Considering hypnotherapy as a treatment for anxiety?

If you are considering hypnotherapy as a treatment for anxiety there are a few things you may want to know, such as:

  • What to expect
  • Does it work
  • How to get the right therapist


What to expect of hypnotherapy as a treatment for anxiety?

There are numerous approaches to the treatment of anxiety within hypnotherapy so it is almost impossible to say how a particular therapist will approach you. This is because most hypnotherapists actually use techniques and approaches from different types of psychotherapy and use the hypnosis to enhance their effectiveness. For example, a hypnotherapist may combine Cognitive Behavioural Therapy (CBT) with hypnosis to help embed new beliefs into the unconscious mind. Some of this will depend on the therapists training and some on what they think will work for you.

Be assured that no one will attempt to ‘shock’ you into a cure or hypnotise you without your consent.


Does hypnotherapy as a treatment for anxiety work?

Put simply yes! Nothing works for everyone all the time but there is a wealth of evidence to show that hypnotherapy has a good record of success as a treatment for anxiety (Coelho, Canter, Ernst 2007), specifically with;

  • Chronic illness related anxieties (Genius 1995)
  • Test anxiety (Baker 1995)
  • Pre-operative anxiety (Absenger et al 2012)
  • Dental and medical phobias (Willemsen 2002).
  • Phobias (Morgan 2001, Hartman 2010).
  • Panic (Wild, 1994, 川嶋新二. 2012).


How to get the right therapist

To get the therapist who is right for you should consider

  • Are they a member of a professional body such as the British Society of Clinical Hypnosis (BSCH)?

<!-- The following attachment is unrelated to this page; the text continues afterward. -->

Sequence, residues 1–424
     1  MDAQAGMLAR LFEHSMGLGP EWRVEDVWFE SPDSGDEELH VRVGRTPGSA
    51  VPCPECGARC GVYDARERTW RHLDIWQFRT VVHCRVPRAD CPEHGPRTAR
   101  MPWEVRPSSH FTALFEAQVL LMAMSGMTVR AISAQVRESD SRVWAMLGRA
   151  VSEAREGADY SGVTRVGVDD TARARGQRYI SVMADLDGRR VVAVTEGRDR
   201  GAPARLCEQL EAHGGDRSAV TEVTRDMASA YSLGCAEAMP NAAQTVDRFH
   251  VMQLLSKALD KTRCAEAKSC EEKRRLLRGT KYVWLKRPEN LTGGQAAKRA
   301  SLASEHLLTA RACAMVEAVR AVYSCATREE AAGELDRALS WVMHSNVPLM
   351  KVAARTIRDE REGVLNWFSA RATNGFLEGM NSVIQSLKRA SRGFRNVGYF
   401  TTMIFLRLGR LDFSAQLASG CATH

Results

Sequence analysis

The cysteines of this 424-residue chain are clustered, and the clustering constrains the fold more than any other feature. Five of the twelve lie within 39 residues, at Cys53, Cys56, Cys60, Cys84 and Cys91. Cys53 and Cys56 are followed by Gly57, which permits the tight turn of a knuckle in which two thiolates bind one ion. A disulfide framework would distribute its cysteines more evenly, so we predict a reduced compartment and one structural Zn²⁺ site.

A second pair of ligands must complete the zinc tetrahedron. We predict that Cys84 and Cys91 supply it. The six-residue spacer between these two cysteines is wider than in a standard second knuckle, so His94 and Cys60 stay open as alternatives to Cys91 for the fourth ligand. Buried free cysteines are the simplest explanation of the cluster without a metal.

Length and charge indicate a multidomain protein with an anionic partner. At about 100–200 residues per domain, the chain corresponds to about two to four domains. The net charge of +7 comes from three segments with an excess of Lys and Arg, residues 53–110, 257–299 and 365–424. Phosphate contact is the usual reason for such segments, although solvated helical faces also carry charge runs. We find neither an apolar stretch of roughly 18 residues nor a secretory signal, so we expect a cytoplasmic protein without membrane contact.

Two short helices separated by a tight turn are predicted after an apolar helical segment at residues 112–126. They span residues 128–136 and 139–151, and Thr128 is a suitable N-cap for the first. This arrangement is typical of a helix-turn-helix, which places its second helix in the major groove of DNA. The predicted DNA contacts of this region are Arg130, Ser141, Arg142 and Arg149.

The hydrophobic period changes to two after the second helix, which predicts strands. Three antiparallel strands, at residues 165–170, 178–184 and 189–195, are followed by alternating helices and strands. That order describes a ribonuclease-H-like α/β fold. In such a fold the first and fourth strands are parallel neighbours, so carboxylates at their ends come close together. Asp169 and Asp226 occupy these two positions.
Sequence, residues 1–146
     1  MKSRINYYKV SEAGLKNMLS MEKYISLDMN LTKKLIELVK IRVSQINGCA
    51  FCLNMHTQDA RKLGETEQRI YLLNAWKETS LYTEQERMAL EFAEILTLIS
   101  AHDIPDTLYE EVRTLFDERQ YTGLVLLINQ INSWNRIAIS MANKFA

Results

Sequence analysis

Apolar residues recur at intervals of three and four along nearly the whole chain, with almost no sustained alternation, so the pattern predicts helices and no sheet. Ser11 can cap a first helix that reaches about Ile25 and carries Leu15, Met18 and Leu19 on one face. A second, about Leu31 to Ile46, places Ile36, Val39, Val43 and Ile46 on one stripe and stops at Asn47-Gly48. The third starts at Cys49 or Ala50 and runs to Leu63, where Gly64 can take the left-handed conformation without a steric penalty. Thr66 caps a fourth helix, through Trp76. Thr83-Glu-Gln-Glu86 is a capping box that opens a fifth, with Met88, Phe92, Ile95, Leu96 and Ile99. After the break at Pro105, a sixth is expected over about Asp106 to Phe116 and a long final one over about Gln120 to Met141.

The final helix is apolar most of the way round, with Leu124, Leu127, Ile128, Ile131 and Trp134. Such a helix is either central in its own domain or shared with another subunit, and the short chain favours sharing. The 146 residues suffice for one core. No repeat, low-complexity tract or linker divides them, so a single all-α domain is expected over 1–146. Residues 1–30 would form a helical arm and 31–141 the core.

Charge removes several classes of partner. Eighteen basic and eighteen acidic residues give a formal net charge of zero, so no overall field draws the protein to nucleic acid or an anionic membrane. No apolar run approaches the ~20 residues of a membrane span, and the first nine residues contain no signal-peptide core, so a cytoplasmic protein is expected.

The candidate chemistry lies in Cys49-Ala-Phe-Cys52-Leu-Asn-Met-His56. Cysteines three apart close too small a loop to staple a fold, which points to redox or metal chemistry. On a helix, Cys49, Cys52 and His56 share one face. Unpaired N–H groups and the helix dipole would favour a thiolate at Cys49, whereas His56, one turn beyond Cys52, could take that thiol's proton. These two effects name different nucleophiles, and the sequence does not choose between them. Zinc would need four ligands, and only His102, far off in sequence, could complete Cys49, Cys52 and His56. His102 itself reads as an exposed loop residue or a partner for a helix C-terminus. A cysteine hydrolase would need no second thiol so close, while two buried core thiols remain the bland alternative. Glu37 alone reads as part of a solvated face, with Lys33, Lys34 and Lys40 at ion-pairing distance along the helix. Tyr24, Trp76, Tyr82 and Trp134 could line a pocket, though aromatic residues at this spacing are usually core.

• Do they talk about hypnotherapy as a treatment for anxiety on their website?
  • Do they have a broad set of skills (REBT, EMDR, Behavioural therapies); different skills are helpful with different types of anxiety.
treatment for anxiety
The author
Matt Krouwel is a hypnotherapist in Birmingham who specialises in the treatment of anxiety and related conditions.




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Baker, J., Ainsworth, H., Torgerson, C., & Torgerson, D. (2009). A systematic review and meta‐analysis of randomised controlled trials evaluating the effect of hypnosis on exam anxiety. Effective Education, 1(1), 27-41.

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Genuis, M. L. (1995). The use of hypnosis in helping cancer patients control anxiety, pain, and emesis: a review of recent empirical studies. American Journal of Clinical Hypnosis, 37(4), 316-325.

Hartman, D. (2010). The use of hypnosis in the treatment of driving phobia. Journal of Heart Centered Therapies, 13(1), 14-15.

Morgan, S. (2001). Hypnosis and simple phobia. Australian Journal of Clinical and Experimental Hypnosis, 29(1), 17-25.

Wild, A. J. (1994). Hypnosis as an adjunct in the treatment of panic disorder. Australian Journal of Clinical & Experimental Hypnosis.

Willemsen, R. (2002). [Hypnosis technics used to diminish anxiety and fear: review of the literature]. Revue belge de medecine dentaire, 58(2), 99-104.

川嶋新二. (2012). The effectiveness of hypnosis for patients with panic disorder: Two case studies. 東京医科大学雑誌, 70(3), 341-350.